By Foster Benjamin, Contributor:
Mwandida Khanje has had things tough for a larger part of her life. The 38-year-old single mother of three from Mulanje District is often confined to a battered, old wheelchair or a rugged mat in her sister’s rickety house.
Her house, like several others in Makaula Village in the border district, was razed down by hailstorms that visited the area of Senior Chief Mabuka four years ago.
Those around her continue to turn a blind eye to her plight. She has endured discrimination, because of her condition, since birth.
Last year, she was excluded from the list of beneficiaries of the Social Cash Transfer Programme (SCTP) which targets the ultra poor and other vulnerable populations.
She recounts the misfortune: “I initially thought I would be one of the beneficiaries. I was hopeful but it was never to be.”
The Village Development Committee (VDC) did not register her. She wonders why as she sits on the veranda of her house which overlooks a verdant tea plantation.
“They say the programme targets vulnerable people. Am I not vulnerable enough? What kind of vulnerability are they looking for?” she queries.
Four years ago, when she was living in a crumbling house, she approached then Mulanje District Commissioner, Jack Ngulube, who promised iron sheets for her good shelter.
The promise has turned into a controversial act.
Khanje claims Ngulube lived up to his pledge but that VDC members pounced on it and shared the iron sheets among themselves.
“I wanted to confront the Village Head on the issue but I chose not to. I was very afraid,” Khanje recalls.
Village Head Makaula dismisses assertions that the iron sheets came for the physically challenged woman. He further claims he never knew Ngulube visited her.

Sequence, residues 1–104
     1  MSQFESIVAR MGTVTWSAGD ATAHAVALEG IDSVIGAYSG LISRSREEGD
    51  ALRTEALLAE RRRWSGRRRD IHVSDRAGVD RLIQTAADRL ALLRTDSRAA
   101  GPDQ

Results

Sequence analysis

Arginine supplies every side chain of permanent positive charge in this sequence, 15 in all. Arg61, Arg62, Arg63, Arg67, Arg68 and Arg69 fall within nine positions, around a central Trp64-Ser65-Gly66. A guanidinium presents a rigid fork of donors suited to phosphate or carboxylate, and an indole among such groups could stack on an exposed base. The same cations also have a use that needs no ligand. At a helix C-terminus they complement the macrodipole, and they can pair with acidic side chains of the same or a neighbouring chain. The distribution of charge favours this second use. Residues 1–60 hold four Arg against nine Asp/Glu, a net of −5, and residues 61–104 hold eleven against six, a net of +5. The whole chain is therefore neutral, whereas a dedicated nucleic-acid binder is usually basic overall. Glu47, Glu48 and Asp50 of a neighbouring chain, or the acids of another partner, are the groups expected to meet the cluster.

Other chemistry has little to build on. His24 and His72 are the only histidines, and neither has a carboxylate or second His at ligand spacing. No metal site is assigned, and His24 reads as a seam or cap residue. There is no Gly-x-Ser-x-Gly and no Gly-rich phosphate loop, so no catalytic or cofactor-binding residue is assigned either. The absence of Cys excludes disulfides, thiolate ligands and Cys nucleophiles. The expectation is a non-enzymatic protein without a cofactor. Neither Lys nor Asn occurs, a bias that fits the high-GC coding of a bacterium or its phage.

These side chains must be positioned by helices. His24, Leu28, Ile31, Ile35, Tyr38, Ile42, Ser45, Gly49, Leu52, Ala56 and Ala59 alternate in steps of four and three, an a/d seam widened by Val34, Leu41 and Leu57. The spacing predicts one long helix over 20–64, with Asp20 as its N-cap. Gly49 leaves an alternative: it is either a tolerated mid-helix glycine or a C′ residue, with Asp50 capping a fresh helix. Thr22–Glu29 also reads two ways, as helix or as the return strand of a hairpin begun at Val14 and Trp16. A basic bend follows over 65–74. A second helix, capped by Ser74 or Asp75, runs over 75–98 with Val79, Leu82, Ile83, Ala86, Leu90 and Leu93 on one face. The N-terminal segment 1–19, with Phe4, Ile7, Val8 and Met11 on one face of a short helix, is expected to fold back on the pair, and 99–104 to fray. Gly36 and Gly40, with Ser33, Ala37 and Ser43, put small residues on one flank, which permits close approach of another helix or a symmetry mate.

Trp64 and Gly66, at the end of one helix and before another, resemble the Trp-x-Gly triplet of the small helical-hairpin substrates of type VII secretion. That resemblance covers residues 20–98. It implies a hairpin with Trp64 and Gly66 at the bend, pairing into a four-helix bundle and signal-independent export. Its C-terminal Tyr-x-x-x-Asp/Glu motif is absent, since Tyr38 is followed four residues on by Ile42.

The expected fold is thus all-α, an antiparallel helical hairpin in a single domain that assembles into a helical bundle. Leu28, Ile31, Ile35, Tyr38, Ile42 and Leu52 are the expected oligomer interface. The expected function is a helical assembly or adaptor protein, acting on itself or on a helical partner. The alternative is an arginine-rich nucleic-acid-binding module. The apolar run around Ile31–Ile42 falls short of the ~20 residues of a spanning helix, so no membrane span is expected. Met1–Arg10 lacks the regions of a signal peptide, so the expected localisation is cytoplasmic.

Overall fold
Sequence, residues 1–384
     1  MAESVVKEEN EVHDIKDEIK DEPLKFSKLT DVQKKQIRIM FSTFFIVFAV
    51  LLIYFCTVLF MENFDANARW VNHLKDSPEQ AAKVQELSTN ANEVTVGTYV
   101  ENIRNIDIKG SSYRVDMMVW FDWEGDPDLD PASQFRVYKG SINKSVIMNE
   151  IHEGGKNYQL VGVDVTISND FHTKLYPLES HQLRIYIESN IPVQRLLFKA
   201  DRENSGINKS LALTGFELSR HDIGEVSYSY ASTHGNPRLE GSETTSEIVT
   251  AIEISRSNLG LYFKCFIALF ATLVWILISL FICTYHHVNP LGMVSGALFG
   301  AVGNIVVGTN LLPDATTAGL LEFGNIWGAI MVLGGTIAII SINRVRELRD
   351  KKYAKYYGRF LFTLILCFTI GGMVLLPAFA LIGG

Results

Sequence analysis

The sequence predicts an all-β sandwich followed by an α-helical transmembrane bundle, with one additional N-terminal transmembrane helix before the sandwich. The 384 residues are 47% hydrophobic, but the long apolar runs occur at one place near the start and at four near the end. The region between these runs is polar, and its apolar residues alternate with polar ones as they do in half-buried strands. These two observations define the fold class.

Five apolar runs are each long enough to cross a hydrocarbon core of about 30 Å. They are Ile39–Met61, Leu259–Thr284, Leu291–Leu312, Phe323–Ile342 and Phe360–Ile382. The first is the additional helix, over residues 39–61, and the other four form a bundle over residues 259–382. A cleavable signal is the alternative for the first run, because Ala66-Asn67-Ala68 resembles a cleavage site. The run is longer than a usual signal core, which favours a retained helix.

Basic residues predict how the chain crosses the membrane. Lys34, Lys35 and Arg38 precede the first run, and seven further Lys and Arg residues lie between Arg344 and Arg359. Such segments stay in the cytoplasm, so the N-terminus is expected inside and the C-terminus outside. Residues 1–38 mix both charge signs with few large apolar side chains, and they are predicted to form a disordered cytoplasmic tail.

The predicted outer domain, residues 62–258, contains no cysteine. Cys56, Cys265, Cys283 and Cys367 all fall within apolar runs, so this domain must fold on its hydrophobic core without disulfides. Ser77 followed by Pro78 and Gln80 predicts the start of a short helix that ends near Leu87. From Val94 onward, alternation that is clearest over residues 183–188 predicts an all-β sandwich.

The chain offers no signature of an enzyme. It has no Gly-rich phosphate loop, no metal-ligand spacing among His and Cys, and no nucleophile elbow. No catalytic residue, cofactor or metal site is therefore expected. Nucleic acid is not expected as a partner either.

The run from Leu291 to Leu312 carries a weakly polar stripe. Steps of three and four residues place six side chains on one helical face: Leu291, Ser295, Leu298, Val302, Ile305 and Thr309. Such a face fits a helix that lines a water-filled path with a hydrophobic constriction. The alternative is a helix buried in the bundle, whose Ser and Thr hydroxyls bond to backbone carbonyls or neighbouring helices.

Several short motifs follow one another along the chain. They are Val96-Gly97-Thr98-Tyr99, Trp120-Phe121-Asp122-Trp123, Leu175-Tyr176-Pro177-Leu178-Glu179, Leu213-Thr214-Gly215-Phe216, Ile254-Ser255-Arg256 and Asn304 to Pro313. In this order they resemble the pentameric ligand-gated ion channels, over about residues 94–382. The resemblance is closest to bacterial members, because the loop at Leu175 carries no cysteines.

Khanje has let that pass but her constant worry is where to get her daily bread. She has no sustainable means of survival. Her on-and-off mandasi business is failing to earn enough for her.
Sometimes, she is engaged by her elder sister to sell local spirits, kachasu, a trade she admits does not even help her make ends meet.
Globally, people with disabilities continue to be looked down upon and regarded as society’s outcasts.
Nitta Hanjahanja, who is chairperson of Federation of Disability Organisations in Malawi (Fedoma), says women with disabilities are subject to prejudice and ignorance from their families and society as a whole.
“Negative attitudes towards women with disabilities ironically start right from their homes and spread to communities,” Hanjahanja states.
Khanje’s case provides a perfect case in point.
The Fedoma chairperson adds: “Some communities discriminate against us to the extent that they deny us subsidised farm inputs. They say since we have disabilities, we cannot farm, forgetting that disability is not inability. Give us agricultural inputs and you will see us farming and enhancing food security at household level.”
In her life, she has come to realise that women with disabilities are seen as helpless, dependent and passive.
“It is a very wrong perception. We are capable of doing great things just like anyone else. We also have our own abilities,” she says.
However, Hanjahanja concedes that more to be done to change the status quo critical being raising awareness about the abilities of people with disabilities.
Research shows that there is still low level of awareness on the discrimination front. Political will, it is reported, is largely discounted in most disability rights movements.
However, organisations such as Disabled Women in Africa (Diwa) are actively championing the rights of women with disabilities.
For instance, in Lilongwe’s Traditional Authorities Tsabango, Kalolo and Njewa, women with disabilities have been empowered in various aspects of their lives including the capacity to demand social services from duty bearers.
Rosaliya Phiri, a leader of one group that is benefiting from Diwa’s programmes, brags that there is a lot of improvement in terms of how they are treated within their communities.
“We are no longer being marginalised when it comes to safety net programmes. We are benefitting from [SCTP] and food-for-work programmes,” she says
Still, others such as Khanje, continue to struggle for justice in a country that claims to abhor discrimination of any kind as reflected in the Constitution.
Diwa executive director, Rachel Kachaje, wants interventions directed at vulnerable women to be widened so that no one is left behind.
But that, too, demands more resources with which to reach those in places hard to reach.
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